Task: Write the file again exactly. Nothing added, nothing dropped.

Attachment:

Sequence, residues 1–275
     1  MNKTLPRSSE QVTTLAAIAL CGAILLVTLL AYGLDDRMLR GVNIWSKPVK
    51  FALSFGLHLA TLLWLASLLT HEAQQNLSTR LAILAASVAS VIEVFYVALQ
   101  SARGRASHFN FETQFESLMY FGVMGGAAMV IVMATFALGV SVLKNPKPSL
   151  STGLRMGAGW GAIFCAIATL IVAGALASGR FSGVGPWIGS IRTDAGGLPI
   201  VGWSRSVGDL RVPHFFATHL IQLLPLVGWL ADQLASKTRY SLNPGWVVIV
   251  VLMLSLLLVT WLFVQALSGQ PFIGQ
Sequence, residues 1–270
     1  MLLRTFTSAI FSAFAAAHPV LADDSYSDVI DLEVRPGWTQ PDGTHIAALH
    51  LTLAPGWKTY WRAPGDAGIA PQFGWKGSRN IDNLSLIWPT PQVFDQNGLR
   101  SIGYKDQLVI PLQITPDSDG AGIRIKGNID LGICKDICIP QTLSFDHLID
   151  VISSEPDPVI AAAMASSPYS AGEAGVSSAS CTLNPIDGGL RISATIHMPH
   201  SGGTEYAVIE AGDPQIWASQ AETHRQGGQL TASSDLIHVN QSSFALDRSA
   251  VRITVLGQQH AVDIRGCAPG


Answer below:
Sequence, residues 1–275
     1  MNKTLPRSSE QVTTLAAIAL CGAILLVTLL AYGLDDRMLR GVNIWSKPVK
    51  FALSFGLHLA TLLWLASLLT HEAQQNLSTR LAILAASVAS VIEVFYVALQ
   101  SARGRASHFN FETQFESLMY FGVMGGAAMV IVMATFALGV SVLKNPKPSL
   151  STGLRMGAGW GAIFCAIATL IVAGALASGR FSGVGPWIGS IRTDAGGLPI
   201  VGWSRSVGDL RVPHFFATHL IQLLPLVGWL ADQLASKTRY SLNPGWVVIV
   251  VLMLSLLLVT WLFVQALSGQ PFIGQ
Sequence, residues 1–270
     1  MLLRTFTSAI FSAFAAAHPV LADDSYSDVI DLEVRPGWTQ PDGTHIAALH
    51  LTLAPGWKTY WRAPGDAGIA PQFGWKGSRN IDNLSLIWPT PQVFDQNGLR
   101  SIGYKDQLVI PLQITPDSDG AGIRIKGNID LGICKDICIP QTLSFDHLID
   151  VISSEPDPVI AAAMASSPYS AGEAGVSSAS CTLNPIDGGL RISATIHMPH
   201  SGGTEYAVIE AGDPQIWASQ AETHRQGGQL TASSDLIHVN QSSFALDRSA
   251  VRITVLGQQH AVDIRGCAPG